Today, the magnitude of the economic inequality present in the United States is no secret. Since the year 1980, the top 1% of households in the nation have doubled their portion of the nation's wealth (1). The incomes of most workers have stagnated at the same time that shareholder profits have soared (2). Once the nation’s economic majority, the American middle-class has seen its standard income decline for four consecutive decades (3). There is not one monocausal explanation for the rise in economic inequality our nation has experienced. Some of the factors that have contributed to this rise are “globalization, rising market power and decreased antitrust enforcement, the decline in the number of workers covered by a collective bargaining agreement, financialization and the rising proportion of national income earned by the financial sector, and fissuring of the workplace” (4). In any case, the result is a country in which economic (and thus political) power is skewed heavily towards the ‘haves,’ leaving behind millions of discontented ‘have-nots.’
America’s soaring economic inequality carries significant implications for the country’s social and political cohesion. Scholars have noted the myriad of potential risks that untamed inequality poses to seemingly stable democracies, many of which have already come to fruition across the globe. For instance, economic inequality can breed fertile ground for nativist and authoritarian regimes — that claim they recognize and will remedy the economic discontent of the populace — to come to power (5). The United Nation’s Department of Economic and Social Affairs has also noted that high inequality can erode trust in democratic institutions and society (6). In the social sphere, social scientists have argued that the decline of the middle class in several developed countries has created a sense of "social separatism" and "eroded broad-based support for public services'' (7). High levels of inequality pose a risk for the wealthy as well.
Given these pre-existing inequalities, it is worth discussing how the Covid-19 pandemic has affected economic inequality. An analysis of the Covid-19 pandemic reveals that the crisis has accelerated the growth of economic inequality in the United States. The combined wealth of America's billionaires increased by 39% between March 18, 2020 and January 18, 2021 (8). On the flip side, the country’s poorest workers have experienced the highest job loss rate (9). This has occurred despite the fact that lower-paid workers—who are disproportionately women and people of color—are concentrated in essential services like cleaning, nursing, teaching, etc. In contrast, many higher-paid workers have been able to work from home during the pandemic and have seen their rate of unemployment and wages already return to pre-pandemic levels (10).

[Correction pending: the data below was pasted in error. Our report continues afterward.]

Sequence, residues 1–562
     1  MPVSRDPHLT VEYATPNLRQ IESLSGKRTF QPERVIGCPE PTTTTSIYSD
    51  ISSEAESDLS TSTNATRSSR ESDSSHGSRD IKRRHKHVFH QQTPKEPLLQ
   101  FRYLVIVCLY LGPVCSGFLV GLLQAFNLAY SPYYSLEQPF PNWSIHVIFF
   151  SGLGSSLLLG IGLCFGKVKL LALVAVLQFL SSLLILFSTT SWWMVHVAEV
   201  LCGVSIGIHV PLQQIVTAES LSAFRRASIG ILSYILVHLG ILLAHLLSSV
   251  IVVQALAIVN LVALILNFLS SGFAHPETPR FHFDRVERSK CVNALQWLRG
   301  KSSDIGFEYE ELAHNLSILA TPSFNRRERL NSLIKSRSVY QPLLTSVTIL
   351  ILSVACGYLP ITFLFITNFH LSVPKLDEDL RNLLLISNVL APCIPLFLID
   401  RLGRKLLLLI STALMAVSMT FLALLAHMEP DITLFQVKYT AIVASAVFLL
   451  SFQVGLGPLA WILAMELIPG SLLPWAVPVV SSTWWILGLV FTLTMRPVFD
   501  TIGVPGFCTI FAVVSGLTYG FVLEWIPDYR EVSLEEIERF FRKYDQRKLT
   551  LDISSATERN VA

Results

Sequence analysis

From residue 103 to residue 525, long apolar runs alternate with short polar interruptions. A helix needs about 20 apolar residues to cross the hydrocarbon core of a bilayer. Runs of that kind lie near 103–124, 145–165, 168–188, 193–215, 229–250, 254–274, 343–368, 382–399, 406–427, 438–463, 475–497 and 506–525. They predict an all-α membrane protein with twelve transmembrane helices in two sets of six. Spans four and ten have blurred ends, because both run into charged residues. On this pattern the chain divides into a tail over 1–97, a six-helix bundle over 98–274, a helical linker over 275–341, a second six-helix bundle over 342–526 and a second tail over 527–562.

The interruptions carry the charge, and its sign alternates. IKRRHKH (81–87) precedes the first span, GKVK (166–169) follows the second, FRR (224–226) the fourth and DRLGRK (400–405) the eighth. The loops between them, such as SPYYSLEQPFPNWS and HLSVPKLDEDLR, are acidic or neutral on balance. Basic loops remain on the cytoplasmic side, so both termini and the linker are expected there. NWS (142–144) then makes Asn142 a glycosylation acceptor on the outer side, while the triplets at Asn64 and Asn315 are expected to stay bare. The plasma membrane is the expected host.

On a more macro level, the Covid-19 pandemic has accelerated the "digital transformation of production, commerce, and work" (11). More technologically advanced firms have been able to increase their market share, while automation and telework continue to turn labor markets against low-wage workers (12). Low-wage industries (especially those reliant on human contact) and small businesses have especially been squeezed.
What can be done to curtail this rampant economic inequality? The most assured policies are ones that have been recommended for some time—things like implementing a "robust social safety nets, an active redistribution of wealth and the protection of workers rights" (13). Policies should emphasize not only redistribution but 'predistribution'—harnessing the potential of technological transformation to foster more inclusive economic growth). This might encompass things like investment in education and training programs, as ‘democratizing’ the innovation system (14). The multi-trillion dollar civil rights and anti-poverty initiatives that President Biden has instituted will help tame some of our inequality, but much more remains to be done. This pandemic has shown the depths of economic inequality in our country and should challenge us to take action to combat it.